2. Then the parts were removed from the build plate. Like most shops I’ve spoken to, Layerwise uses wire EDM — though bandsaws are also common.
  3. At this point, each customer’s part is separated and processed on its own. Supports are removed by a totally unsexy manual process, often involving wrenches, picks, and mallets.
  4. Where support structures have been removed additional cleanup is usually necessary. On prototype parts, Layerwise makes extensive use of rotary grinding bits.
  5. The inner diameters of my part were both ground to their final size. Layerwise told me that this process was 100% manual, and I was blown away at the precision and consistency of the surface finish.
  6. Then, any remaining features were micro shot peened with a nonabrasive ceramic medium.

At this point, Layerwise sent me the part. Still to be done, however, was to tap the female threads in the seatmast bolt boss.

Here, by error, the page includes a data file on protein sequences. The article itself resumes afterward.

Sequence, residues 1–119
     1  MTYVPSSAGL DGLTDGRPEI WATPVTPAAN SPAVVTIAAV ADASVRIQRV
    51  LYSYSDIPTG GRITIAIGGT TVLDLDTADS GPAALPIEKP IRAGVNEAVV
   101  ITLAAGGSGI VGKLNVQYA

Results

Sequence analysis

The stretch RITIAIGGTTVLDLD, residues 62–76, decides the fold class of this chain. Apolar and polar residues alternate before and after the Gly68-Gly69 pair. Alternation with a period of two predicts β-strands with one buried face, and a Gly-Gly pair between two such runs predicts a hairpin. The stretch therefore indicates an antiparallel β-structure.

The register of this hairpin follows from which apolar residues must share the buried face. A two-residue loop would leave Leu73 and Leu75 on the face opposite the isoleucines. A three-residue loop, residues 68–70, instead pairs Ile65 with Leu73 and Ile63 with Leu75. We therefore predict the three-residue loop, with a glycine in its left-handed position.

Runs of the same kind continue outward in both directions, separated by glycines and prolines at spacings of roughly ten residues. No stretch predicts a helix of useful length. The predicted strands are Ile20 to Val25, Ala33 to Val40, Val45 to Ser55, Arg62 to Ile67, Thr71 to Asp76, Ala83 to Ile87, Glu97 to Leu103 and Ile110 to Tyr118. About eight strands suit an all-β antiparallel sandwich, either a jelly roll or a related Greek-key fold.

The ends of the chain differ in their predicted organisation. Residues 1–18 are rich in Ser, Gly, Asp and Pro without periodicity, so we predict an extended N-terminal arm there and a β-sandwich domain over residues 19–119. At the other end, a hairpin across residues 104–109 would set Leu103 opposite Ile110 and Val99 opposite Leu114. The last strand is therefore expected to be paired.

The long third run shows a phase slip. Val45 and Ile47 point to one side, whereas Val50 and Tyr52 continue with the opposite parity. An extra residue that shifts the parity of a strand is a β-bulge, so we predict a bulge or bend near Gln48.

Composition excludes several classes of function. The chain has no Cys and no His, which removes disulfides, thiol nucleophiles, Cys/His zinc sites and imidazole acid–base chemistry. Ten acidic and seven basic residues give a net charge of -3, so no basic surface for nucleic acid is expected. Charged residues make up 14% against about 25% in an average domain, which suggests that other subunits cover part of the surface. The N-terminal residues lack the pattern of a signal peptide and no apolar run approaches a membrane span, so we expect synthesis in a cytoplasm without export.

Herein lies an important point: metal 3d printing does not, in general, produce usable mechanical features like threading. In conventional manufacturing, threading is often just another step on the same machine: mills and lathes can both easily create female threads. But with additive, threading almost always requires secondary processing. As a result, the design files that are loaded into Magics only contain plain-bore thru holes; any threading specifications must be documented (and manufactured) separately.

So, the part that I received simply had a 4.2mm hole in it; it was up to me to cut the M5 female threads. “No problem,” I thought. I’ve got a tap handle right at my desk, and am more than comfortable using it. 

At this point, I became painfully aware of what’s called alpha case. Alpha case is a very hard, brittle layer of oxygen rich titanium in a part’s surface (for an interesting study on alpha case depth, see this); it’s the result of the titanium having been processed at high temperatures in environments where oxygen is present. And as I tapped the hole in the first part that Layerwise printed me, I realized that it’s very, very difficult to cut.